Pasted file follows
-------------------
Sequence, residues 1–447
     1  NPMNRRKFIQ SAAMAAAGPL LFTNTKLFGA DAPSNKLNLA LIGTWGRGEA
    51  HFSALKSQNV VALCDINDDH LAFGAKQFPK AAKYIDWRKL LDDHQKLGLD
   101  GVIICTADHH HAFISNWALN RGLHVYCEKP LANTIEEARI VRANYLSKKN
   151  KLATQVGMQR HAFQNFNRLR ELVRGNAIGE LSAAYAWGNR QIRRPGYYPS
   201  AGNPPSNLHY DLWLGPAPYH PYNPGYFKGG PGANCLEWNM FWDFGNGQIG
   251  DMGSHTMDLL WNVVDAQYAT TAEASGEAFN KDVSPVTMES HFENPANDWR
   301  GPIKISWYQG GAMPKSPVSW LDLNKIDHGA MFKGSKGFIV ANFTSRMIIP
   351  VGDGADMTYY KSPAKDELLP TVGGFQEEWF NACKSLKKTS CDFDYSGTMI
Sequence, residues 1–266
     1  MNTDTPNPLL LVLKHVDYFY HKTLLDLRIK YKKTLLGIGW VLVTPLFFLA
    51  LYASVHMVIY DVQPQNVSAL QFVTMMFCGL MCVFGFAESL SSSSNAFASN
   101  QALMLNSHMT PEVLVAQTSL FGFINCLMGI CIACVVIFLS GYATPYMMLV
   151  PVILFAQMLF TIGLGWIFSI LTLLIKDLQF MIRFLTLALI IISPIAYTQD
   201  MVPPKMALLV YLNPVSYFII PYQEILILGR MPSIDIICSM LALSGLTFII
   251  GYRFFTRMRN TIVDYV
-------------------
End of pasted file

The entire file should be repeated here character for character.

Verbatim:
Sequence, residues 1–447
     1  NPMNRRKFIQ SAAMAAAGPL LFTNTKLFGA DAPSNKLNLA LIGTWGRGEA
    51  HFSALKSQNV VALCDINDDH LAFGAKQFPK AAKYIDWRKL LDDHQKLGLD
   101  GVIICTADHH HAFISNWALN RGLHVYCEKP LANTIEEARI VRANYLSKKN
   151  KLATQVGMQR HAFQNFNRLR ELVRGNAIGE LSAAYAWGNR QIRRPGYYPS
   201  AGNPPSNLHY DLWLGPAPYH PYNPGYFKGG PGANCLEWNM FWDFGNGQIG
   251  DMGSHTMDLL WNVVDAQYAT TAEASGEAFN KDVSPVTMES HFENPANDWR
   301  GPIKISWYQG GAMPKSPVSW LDLNKIDHGA MFKGSKGFIV ANFTSRMIIP
   351  VGDGADMTYY KSPAKDELLP TVGGFQEEWF NACKSLKKTS CDFDYSGTMI
Sequence, residues 1–266
     1  MNTDTPNPLL LVLKHVDYFY HKTLLDLRIK YKKTLLGIGW VLVTPLFFLA
    51  LYASVHMVIY DVQPQNVSAL QFVTMMFCGL MCVFGFAESL SSSSNAFASN
   101  QALMLNSHMT PEVLVAQTSL FGFINCLMGI CIACVVIFLS GYATPYMMLV
   151  PVILFAQMLF TIGLGWIFSI LTLLIKDLQF MIRFLTLALI IISPIAYTQD
   201  MVPPKMALLV YLNPVSYFII PYQEILILGR MPSIDIICSM LALSGLTFII
   251  GYRFFTRMRN TIVDYV